• Minister of Labour wants to change the law so domestic workers can get compensation - support this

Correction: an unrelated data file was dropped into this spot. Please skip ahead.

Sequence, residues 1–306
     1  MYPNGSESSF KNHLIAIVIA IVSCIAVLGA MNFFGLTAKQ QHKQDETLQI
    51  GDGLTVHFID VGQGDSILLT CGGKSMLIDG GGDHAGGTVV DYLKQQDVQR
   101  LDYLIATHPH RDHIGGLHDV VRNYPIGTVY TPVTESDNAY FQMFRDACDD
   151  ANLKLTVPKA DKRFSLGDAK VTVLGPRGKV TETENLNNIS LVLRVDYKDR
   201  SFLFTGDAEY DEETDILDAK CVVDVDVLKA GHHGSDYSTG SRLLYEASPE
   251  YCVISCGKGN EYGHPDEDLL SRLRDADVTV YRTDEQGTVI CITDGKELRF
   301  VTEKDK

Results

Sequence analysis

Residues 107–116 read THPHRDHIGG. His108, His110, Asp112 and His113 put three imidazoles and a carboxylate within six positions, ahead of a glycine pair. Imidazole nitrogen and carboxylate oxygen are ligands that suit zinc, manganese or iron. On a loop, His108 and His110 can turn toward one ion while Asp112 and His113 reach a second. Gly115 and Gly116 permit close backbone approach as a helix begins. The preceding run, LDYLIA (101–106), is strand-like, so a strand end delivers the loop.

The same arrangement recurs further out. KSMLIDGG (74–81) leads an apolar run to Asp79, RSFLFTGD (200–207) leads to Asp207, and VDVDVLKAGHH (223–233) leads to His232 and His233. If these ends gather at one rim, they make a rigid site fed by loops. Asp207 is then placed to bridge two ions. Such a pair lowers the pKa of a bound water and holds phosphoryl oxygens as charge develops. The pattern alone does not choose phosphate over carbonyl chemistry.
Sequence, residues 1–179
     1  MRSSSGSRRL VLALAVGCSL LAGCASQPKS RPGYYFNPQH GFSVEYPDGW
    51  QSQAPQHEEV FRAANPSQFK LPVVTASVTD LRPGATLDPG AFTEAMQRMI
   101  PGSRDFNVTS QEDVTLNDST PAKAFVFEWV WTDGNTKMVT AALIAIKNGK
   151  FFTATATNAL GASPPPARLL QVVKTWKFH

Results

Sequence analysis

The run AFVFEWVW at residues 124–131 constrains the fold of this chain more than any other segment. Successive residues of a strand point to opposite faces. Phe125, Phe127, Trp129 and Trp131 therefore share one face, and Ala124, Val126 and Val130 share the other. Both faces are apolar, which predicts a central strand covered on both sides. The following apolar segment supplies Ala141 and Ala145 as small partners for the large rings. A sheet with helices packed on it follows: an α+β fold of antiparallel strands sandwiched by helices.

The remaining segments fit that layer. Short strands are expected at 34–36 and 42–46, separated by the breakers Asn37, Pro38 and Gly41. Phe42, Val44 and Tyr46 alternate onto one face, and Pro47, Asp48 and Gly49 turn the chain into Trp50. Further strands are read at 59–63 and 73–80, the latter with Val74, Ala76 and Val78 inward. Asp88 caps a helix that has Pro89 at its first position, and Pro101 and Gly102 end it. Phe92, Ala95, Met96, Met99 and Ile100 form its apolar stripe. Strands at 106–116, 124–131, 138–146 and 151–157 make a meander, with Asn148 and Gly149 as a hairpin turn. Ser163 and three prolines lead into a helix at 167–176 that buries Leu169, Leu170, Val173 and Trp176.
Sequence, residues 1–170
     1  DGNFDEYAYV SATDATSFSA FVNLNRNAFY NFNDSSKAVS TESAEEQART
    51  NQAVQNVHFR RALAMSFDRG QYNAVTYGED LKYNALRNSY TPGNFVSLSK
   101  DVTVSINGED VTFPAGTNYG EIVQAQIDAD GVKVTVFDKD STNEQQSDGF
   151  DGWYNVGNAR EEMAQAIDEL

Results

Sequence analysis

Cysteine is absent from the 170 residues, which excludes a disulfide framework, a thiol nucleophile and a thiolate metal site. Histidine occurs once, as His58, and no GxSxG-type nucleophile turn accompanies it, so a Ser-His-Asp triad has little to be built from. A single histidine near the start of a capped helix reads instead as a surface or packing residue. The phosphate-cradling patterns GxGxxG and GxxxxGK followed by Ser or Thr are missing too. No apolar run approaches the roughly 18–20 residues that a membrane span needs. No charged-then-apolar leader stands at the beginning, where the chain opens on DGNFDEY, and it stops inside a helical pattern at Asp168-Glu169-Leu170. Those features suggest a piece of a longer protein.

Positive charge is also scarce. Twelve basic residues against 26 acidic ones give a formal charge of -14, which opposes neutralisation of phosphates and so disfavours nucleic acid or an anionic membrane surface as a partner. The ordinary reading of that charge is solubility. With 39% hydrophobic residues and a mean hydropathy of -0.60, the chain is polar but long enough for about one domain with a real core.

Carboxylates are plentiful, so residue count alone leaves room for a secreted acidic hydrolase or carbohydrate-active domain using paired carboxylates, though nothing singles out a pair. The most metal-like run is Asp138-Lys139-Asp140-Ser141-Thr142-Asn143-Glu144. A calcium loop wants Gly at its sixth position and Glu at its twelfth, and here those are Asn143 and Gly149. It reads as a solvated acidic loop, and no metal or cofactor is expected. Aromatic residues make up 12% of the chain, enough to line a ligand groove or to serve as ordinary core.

Domestic workers are denied compensation for injuries because they are excluded from the Compensation for Occupational Injuries and Diseases Act (COIDA). But an amendment to the law has been proposed. But we only have 7 days before public submissions close, and we need to come together in numbers to ensure the law is changed. Maria Mahlangu, a domestic worker drowned in 2012. Her family was offered only R2500 compensation. Johanna Motha was bitten by her employer's dog and set home without medical treatment. She ended up dying as a result of her injuries. These are just two of the countless incidences of injury and illness domestic workers have faced on the job. SADSAWU( South African Domestic Service and Allied Workers Union) brought an application against the Minister of Labour and the Compensation Commissioner for domestic workers to claim compensation in terms of the Compensation for Injuries and Diseases Act 130 of 1993(COIDA), in response to the poor compensation Mahlangu's family was offered. The case has been pending since 2015. The case has recently been postponed, after being set for the 15th of October. This case is an example of the consequences of domestic worker's exclusion in this Act. We call on you to recognize this case, as well as the rights of domestic workers. The reality is that domestic work opens itself up to abuse. This abuse is targeted at Black working class womxn, who work behind closed doors and make up the largest percentage of domestic workers. Issues like health are always linked to racism and classism. Domestic workers are not seen as equals to their employer and are treated with contempt and disrespect. In the past domestic work, was not regulated by government, because they were not part of key labour legislation. Their work, was therefore seen as casual and informal, and little respect was paid to the work they do. This attitude of disregard towards domestic workers, is still seen in the way employers treat domestic workers. We are not paying enough attention to the health of domestic workers. Even though domestic work is included in the Occupational Health and Safety Act, they are still not a part of the Compensation for Occupational Injuries and Diseases Act [1]. This means domestic workers cannot seek medical compensation for costs linked to work related injuries and diseases. Domestic workers have to cover their own medical expenses when injured on the job. This is often times impossible- due to the small sum of money they are paid. Domestic workers should be paid R1787.80 a month [2], this is hardly enough to cover basic living expenses and transport to work. A study by Dr. Lindiwe Innocentia Zungu on the health conditions domestic workers experience. The findings were that there are a range of workplace health hazards. These included “chemical hazards due to detergents and other chemicals used for cleaning purposes, and physical hazards from activities involving manual handling and/or repetitive movements, e.g. scrubbing floors, moving furniture, washing and ironing clothes.... Furthermore, psycho-social hazards due to urbanization were also prevalent among participants who resided in their employers’ premises.'' [3] It is clear that domestic work can be dangerous, physically and mentally. This is why it is important that we demand for the Minister of Labour to commit to including domestic workers in the Compensation for Occupational Injuries and Diseases Act. By including domestic workers in this Act, they will have access to health care, when faced with injury or illness acquired on the job. Their inclusion in this Act is also a message of recognition for the important work they do. By getting enough signatures on this petition, together we can demand the Minister of Labour to commit to making domestic work a priority and include them in the Compensation for Occupational Injuries and Diseases Act. [1] “The 2018 minimum wages for nannies and domestic workers.” Nic Anderson. 13 December 2017 for Parent24 [2]“Bill on labour brokers gets green light”Nov 12 2013 Sapa. Fin24 [3]"Employment conditions and challenges associated with being a domestic worker in KwaZulu-Natal, South Africa. "Dr Lindiwe Innocentia Zungu, Associate Professor, University of Johannesburg, Faculty of Health Sciences.